All book descriptions from IndieBound–Support you independent book stores when possible:
Carley uses humor and street smarts to keep her emotional walls high and thick. But the day she becomes a foster child, and moves in with the Murphys, she’s blindsided. This loving, bustling family shows Carley the stable family life she never thought existed, and she feels like an alien in their cookie-cutter-perfect household. Despite her resistance, the Murphys eventually show her what it feels like to belong–until her mother wants her back and Carley has to decide where and how to live. She’s not really a Murphy, but the gifts they’ve given her have opened up a new future.
My comment: I’d have to be dead not to have heard the high praise for this book from the blogs and Twitterverse. I expected it to be good. But it was great. Great. Powerful. I have some ideas to share about this book. It deserves its own post. Look for it later this week.
Tom Angleberger’s latest, loopiest middle-grade novel begins when M’Lady Luggertuck loosens her corset (it’s never been loosened before!), thereby setting off a chain of events in which all the strict rules of Smugwick Manor are abandoned. When, as a result of “the Loosening,” the precious family heirloom, the Luggertuck Lump (quite literally a lump), goes missing, the Luggertucks look for someone to blame. Is it Horton Halfpott, the good-natured but lowly kitchen boy who can’t tell a lie? Or one of the many colorful cast members in this silly romp of a mystery.
Praise for Horton Halfpott
“A positively gleeful historical mystery farce. Short chapters, a fast pace and plenty of linguistic and slapstistic humor will have young readers hoping that a sequel is planned. The scribbly pen-and-ink chapter-heading cartoon illustrations are just icing on the cake—or pickle éclair. A romp from start to finish.” –Kirkus Reviews
My comment: When I tweeted Tom Angleberger some positive comments about this book, he responded with thanks for remembering his “quiet book”. Horton took me by surprise. I was literally laughing out loud (OK–guffawing, perhaps. GOL?). There are so many clever turns of the language and playing with words. I had just read the first chapter when it was time to visit my in-laws for my MIL’s birthday. I brought it along because I thought she would enjoy hearing it read. And I was right. She chuckled right along with it, and later told me that she told her friends how great it was. Go read this book if you haven’t.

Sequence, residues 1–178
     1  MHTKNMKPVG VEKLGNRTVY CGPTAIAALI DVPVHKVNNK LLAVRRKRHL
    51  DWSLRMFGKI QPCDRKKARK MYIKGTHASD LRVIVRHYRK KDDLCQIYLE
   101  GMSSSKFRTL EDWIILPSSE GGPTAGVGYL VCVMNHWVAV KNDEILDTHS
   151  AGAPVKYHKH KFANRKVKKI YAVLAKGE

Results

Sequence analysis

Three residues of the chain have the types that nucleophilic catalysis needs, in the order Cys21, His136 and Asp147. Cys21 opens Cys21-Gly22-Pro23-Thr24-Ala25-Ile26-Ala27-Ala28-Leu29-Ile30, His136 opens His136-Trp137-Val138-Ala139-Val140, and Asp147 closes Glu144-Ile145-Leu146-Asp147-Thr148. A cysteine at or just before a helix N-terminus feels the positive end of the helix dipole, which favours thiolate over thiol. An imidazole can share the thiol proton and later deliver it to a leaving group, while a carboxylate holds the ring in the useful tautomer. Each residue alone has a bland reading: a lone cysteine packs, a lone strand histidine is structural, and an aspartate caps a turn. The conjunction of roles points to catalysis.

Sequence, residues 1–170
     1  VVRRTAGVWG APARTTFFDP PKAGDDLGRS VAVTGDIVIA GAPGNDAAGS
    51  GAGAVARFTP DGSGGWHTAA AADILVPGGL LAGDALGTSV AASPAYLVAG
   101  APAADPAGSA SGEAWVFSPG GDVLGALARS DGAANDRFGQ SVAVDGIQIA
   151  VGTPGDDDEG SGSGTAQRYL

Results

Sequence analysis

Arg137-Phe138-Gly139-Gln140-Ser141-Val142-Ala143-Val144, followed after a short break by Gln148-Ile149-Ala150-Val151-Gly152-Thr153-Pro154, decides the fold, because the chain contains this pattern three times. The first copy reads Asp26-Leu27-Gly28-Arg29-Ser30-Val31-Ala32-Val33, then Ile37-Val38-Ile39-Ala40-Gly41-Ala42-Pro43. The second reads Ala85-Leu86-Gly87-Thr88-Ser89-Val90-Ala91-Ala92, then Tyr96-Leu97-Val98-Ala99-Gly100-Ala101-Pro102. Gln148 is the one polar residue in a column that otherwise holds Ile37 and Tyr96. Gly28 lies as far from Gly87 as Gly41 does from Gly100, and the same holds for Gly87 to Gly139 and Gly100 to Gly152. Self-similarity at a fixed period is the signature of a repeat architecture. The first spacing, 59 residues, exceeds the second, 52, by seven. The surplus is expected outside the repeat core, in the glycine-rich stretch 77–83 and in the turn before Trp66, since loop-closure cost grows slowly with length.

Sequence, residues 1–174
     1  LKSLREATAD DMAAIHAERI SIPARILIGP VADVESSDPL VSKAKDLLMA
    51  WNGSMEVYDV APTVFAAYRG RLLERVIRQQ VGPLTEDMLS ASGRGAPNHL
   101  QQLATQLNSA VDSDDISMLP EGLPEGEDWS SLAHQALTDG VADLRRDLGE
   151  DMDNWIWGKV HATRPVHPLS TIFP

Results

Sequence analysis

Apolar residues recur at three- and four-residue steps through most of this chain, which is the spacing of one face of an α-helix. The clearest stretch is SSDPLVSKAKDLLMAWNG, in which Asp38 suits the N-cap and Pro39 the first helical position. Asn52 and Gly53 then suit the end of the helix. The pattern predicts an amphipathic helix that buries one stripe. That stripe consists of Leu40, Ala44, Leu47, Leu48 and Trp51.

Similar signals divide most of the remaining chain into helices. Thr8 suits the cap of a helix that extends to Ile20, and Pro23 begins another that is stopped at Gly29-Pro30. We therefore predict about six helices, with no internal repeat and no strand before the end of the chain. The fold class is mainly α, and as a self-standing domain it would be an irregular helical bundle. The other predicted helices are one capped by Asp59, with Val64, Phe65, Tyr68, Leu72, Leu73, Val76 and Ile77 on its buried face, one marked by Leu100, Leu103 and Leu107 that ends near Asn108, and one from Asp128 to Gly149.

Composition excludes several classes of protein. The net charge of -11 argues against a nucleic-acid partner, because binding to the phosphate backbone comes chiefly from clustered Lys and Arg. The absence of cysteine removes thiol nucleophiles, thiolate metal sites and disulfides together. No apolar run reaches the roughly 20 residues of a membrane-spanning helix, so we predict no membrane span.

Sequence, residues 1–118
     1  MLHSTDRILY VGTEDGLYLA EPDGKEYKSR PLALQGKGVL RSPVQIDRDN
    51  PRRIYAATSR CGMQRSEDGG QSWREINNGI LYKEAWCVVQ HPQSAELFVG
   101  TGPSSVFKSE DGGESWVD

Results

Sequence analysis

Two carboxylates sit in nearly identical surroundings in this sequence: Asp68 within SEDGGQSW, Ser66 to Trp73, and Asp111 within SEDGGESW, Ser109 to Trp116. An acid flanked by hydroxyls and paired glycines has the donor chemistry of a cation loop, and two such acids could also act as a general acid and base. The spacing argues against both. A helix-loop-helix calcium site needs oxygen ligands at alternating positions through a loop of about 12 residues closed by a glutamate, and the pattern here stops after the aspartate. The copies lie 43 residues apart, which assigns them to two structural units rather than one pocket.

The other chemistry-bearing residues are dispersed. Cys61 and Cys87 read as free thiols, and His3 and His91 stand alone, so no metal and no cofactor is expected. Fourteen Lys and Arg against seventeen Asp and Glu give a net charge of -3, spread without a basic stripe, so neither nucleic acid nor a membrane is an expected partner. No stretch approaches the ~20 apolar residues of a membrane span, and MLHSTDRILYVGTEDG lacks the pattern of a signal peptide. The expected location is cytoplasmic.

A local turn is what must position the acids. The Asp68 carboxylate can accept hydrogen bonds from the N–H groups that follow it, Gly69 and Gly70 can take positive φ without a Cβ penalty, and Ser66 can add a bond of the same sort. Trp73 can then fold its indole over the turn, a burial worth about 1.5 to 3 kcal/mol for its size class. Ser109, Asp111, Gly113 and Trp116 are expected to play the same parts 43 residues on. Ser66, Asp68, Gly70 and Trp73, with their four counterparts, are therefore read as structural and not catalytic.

PICTURE BOOK TIME!
My comment: A perfect book for showing basic story structure. A pleasant setting; a difficult character; a problem; a chance to win over the difficult character.
My comment: Want to show a child the thrill of a library? This is your book.
My comment: A beautifully-illustrated book about a boy with a stuffed grizzly who comes to life. Perhaps an early Calvin and Hobbes?
My comment: My friend David W. said I had to get this book–so I did. Each of these explorative girl’s experiments follows a pattern: Question –> Hypothesis–> What you need –> What to do –> What happened. The girl questions: Can a kid make it through the winter eating only snow and ketchup? Would gerbils like bigger wheels? Do dogs like to be covered in glitter? Will seedlings grow if given Eau La La perfume instead of water?
Clever book with fun illustrations and diagrams. I’m going to have to find the authors’ first book, 17 Things I’m Not Allowed to Do Anymore!